In October, I attended a roundtable discussion at the Guardian Life Insurance Company of America’s headquarters in Manhattan to listen to a discussion about women in the financial services industry and why it is such a good fit for them. At the luncheon we were regaled with first hand accounts from women who run their own agencies about how great of job this is for women. They spoke about how the flexibility of their scheduling and how it allows them to make it to soccer games, pick up a sick kid from the nurses office and find that perfect ratio and lofty goal in America that is a work life balance.
They also mention how slow the industry and carriers themselves are changing. For some in the industry, it seems have rusty joints are not able to walk forward at the pace the rest of the business world and the world on a whole is towards gender equality. One agent talked about how, when she is at industry conferences with her husband, he is the one approached to talk business. One agent spoke about how some sales awards still have masculine connotations like golf clubs and football pins.
Why, if the financial services industry is such a good fit for women are they so underrepresented in rank and file positions across the board? Why are women who are successful in the industry paraded around in dog and pony show to illustrate the merits of the industry? And why, with a female sitting secretary of state and countless executives across the country does the industry feel that if they show a few examples of how females can “make it” they are on the cutting edge of an evasive male/female equilibrium?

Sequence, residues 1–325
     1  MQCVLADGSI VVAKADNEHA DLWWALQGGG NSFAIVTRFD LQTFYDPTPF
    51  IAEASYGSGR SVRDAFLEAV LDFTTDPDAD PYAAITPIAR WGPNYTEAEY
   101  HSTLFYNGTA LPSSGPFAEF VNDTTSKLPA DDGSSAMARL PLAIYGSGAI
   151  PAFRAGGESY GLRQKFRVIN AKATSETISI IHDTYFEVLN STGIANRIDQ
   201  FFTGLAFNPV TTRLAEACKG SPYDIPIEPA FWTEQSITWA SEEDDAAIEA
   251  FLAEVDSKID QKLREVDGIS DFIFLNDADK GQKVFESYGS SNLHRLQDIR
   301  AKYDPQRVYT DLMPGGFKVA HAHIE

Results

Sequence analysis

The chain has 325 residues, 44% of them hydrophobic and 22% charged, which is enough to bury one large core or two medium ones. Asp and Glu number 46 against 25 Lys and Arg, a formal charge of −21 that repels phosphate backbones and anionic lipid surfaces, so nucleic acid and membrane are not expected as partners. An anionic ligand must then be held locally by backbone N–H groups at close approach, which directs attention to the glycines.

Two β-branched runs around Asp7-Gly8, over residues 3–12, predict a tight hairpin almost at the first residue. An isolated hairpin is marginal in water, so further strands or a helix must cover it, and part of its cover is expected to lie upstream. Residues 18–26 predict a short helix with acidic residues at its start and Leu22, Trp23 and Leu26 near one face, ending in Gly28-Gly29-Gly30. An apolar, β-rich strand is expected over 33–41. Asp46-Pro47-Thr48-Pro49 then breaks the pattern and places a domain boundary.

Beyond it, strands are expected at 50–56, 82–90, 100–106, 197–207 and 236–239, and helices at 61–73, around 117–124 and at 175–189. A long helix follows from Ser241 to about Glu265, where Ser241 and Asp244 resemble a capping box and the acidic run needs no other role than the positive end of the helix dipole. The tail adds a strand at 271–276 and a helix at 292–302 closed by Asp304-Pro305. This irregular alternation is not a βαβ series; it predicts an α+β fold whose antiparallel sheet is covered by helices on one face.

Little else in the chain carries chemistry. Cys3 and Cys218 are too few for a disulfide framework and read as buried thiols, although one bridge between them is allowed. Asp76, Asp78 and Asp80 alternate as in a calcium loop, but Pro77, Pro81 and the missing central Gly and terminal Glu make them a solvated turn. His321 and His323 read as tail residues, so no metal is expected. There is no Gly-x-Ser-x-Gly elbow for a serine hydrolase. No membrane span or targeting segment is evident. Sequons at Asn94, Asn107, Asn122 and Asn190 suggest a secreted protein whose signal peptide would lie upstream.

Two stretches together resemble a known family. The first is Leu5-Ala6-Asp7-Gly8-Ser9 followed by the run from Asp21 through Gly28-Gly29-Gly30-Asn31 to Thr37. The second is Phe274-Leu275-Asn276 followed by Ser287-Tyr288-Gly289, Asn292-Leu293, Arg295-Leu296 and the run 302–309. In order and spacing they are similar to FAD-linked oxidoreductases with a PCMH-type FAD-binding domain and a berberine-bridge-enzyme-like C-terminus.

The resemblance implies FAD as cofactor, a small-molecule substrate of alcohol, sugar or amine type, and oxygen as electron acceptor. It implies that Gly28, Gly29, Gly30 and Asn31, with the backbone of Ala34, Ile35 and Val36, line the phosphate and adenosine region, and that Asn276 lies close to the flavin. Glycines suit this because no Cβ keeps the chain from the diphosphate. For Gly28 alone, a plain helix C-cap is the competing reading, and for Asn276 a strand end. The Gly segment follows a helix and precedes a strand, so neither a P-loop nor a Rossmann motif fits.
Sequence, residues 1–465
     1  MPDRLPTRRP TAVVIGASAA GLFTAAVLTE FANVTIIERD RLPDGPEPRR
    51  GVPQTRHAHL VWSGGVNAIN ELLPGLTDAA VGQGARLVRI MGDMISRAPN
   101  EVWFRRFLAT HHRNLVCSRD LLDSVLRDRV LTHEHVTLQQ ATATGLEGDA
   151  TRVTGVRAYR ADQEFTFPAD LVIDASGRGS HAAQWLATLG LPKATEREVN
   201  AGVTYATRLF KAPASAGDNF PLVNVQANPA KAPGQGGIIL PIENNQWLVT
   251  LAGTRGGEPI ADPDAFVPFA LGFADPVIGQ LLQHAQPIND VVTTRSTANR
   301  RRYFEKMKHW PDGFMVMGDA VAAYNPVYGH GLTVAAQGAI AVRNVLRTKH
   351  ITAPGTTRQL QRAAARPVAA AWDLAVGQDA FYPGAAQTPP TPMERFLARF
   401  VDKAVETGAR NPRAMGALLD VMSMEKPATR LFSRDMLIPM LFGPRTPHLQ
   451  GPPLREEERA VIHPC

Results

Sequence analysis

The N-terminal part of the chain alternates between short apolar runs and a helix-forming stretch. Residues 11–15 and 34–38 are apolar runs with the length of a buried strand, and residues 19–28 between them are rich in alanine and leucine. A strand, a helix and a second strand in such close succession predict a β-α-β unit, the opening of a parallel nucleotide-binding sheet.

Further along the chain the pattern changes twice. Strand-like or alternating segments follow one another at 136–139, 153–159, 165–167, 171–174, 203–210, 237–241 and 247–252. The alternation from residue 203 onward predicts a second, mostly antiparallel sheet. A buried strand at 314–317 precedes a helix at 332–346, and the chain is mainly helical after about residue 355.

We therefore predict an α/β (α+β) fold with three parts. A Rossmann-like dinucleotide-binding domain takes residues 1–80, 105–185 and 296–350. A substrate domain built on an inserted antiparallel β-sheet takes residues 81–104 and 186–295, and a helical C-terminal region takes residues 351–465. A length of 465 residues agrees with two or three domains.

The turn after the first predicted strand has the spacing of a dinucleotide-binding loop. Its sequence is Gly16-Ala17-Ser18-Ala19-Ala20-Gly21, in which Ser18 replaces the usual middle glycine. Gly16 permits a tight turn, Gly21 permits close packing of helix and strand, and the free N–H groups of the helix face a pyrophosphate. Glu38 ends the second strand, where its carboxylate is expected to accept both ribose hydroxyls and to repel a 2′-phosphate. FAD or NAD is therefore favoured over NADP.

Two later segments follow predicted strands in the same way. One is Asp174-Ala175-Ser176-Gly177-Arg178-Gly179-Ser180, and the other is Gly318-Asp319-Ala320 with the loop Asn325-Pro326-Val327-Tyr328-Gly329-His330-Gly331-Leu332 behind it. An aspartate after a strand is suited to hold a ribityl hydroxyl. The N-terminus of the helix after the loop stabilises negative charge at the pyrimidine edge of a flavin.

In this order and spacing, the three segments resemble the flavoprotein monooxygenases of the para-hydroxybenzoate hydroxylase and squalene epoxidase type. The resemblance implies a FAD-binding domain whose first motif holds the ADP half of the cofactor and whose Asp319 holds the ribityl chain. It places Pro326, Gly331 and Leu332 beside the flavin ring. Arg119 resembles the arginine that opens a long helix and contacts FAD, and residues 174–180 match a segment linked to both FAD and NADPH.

These are questions that I have never been able to answer through all of my research on the topic. The only conclusion that I have been able to draw is that the life insurance industry is slow to evolve, and while they clumsily try to adapt to the world that we live in today there efforts seem more and more contrived.
The industry has to face a hard fact: they have done a miserable job incorporating women into the workforce. And when women have “made it,” they haven’t really, since so many are stymied by the very companies that hire them once they hit a glass ceiling of middle level management that leaves smart, capable and ambitious women frustrated and defeated.